Important news reported by Sharon McLoone over at our sister site, washingtonpost.com: a new Small Business Administration rule has capped, at $250,000, the amount that the agency will guarantee where someone who is taking out a loan in order to purchase a small business is looking to finance the acquisition of the existing business's "good will"--which is economist-speak for a business's non-tangible assets, such as its brand, as well as its cash-flow.
The actual cap is actually either $250,000 or 50% of the total loan amount. McLoone gives the example of someone looking to buy a business for $2 million, including a $400,000 down payment. While now (technically, the rule goes into effect on March 1) the SBA's uppermost limit would be the $250,000 figure, it previously would have been as high as $1.6 million. In other words, the rule all but ensures that fewer small businesses will be sold now.
What's the explanation behind this?
After all, SBA loans, particularly from its flagship 7(a) program, have plummeted, and the new stimulus package appropriated hundreds of millions of dollars to the agency for the explicit purpose of juicing these loans and getting small-business credit moving again.
Our best guess is that while the SBA wants to increase its lending, it and the federal government's main focus right now is in lending to existing small businesses so that they can most efficiently and quickly pay off their existing loans. That goal in turn serves the broader goal of buttressing the credit markets generally--hence the expansion of the agency's microloan program, which is specifically designed for small businesses with outstanding loans. While focusing on this, the agency is intentionally cutting back on lending designed for other purposes--such as making it easier for people to buy small businesses. Essentially, and with the larger macroeconomic situation in mind, the powers that be have determined that they would rather struggling small businesses move towards solvency, rather than move towards insolvency and a subsequent sale.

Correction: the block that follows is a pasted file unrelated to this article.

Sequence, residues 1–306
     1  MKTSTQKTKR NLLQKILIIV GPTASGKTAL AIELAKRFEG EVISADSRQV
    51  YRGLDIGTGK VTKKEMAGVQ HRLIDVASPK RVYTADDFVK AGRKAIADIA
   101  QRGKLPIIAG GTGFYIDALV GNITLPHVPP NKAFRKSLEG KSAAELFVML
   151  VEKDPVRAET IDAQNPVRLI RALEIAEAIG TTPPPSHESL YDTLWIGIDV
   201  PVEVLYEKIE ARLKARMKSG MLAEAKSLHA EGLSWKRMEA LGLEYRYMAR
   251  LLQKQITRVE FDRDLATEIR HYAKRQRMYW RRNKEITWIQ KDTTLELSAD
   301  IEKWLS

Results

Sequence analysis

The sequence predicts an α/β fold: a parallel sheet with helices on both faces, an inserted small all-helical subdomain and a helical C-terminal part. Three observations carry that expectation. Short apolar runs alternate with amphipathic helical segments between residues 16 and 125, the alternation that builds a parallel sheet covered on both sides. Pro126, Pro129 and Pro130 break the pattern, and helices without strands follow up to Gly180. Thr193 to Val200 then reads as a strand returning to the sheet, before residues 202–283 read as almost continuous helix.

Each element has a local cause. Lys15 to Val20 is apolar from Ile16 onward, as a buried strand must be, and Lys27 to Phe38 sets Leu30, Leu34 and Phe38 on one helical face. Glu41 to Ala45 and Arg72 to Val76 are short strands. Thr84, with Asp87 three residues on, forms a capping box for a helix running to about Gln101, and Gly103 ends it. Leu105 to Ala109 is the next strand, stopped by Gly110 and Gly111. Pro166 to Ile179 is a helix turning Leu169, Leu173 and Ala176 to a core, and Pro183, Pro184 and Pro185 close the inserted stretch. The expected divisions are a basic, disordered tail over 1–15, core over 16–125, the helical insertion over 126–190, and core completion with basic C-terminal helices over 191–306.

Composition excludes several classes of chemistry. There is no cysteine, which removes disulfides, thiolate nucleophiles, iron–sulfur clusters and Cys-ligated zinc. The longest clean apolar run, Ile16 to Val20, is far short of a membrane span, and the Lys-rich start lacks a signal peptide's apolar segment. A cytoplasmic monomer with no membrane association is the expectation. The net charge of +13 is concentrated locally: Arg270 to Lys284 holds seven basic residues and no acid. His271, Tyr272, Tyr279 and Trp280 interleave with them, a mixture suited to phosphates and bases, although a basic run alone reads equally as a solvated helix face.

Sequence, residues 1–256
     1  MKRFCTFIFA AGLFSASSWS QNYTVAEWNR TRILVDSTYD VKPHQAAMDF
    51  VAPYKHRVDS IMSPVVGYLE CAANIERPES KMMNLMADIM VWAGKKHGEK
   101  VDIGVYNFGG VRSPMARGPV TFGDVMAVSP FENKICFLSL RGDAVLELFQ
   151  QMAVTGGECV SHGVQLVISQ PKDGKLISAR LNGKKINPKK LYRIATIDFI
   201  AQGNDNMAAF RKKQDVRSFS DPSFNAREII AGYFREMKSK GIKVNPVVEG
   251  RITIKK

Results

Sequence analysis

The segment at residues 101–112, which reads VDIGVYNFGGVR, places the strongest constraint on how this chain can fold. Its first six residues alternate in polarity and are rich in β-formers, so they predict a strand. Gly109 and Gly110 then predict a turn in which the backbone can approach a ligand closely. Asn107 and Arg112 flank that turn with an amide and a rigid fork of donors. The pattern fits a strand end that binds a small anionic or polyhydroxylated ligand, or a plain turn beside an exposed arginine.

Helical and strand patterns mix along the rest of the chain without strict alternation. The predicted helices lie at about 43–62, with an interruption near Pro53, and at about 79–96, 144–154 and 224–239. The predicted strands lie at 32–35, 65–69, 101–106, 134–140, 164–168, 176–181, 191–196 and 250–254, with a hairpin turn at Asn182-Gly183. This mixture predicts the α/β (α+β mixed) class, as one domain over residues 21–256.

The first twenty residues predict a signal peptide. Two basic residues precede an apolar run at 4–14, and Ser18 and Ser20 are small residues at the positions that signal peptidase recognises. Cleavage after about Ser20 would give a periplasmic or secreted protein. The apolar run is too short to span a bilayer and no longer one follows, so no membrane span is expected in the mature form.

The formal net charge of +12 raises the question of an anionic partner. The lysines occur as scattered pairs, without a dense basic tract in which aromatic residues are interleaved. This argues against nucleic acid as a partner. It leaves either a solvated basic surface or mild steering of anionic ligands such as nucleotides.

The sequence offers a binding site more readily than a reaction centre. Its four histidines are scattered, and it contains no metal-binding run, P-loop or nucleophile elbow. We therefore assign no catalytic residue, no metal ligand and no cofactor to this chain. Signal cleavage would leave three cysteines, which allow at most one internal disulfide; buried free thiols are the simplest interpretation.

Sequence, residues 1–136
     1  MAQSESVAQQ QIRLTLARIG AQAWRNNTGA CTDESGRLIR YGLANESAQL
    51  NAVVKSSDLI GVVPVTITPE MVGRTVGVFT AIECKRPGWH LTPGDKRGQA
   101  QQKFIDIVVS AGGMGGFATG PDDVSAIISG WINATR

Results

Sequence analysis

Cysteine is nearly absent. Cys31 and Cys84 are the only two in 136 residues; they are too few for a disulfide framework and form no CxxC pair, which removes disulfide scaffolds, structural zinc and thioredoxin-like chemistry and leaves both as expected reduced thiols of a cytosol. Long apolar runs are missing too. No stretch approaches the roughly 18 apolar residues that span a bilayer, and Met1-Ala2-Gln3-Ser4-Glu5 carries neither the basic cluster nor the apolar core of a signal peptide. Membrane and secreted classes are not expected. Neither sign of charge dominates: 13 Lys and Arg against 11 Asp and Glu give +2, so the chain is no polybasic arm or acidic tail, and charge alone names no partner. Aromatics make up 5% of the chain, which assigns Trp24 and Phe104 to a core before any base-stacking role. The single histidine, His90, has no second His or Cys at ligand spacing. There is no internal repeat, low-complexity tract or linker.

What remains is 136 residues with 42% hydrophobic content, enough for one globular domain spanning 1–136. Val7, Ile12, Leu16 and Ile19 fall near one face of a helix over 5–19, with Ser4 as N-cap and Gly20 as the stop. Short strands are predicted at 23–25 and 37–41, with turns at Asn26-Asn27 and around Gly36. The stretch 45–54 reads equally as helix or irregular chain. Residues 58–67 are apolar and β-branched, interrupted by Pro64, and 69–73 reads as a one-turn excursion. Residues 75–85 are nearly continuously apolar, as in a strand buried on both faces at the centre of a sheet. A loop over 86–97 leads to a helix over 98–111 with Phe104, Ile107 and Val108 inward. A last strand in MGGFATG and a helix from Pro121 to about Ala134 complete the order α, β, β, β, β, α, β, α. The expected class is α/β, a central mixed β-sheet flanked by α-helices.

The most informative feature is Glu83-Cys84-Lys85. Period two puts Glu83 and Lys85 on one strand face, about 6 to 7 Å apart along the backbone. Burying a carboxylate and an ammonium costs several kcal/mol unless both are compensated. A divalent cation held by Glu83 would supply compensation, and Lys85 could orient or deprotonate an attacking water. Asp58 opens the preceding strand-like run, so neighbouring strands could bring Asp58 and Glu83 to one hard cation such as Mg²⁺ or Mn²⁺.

The problem with this, as McLoone is told by a business-broker (who is in the business of helping the sale of businesses--a job description that does not sound great in light of this new rule), is that, "Buying a business is a real option to a traditional job search. What happens [with the new rule] is the whole business acquisition market could come to a screeching halt." His Chicago-based firm's typical customers are apparently "middle- to senior-level managers in their 40s or 50s 'with lots of experience and a little nest egg who wouldn't have nearly enough money to pay for a business in cash,'" according to McLoone.
In other words, keeping the market for buying businesses open--as opposed to constricting it, as this new rule does--would effectively enlarge the labor market, which certainly doesn't sound so bad for an economy that is experiencing rapidly rising unemployment. So count us skeptical on this latest move.
American Express OPEN brings you the latest insights from noted business authors and experts in our special promotion with Slate BizBox.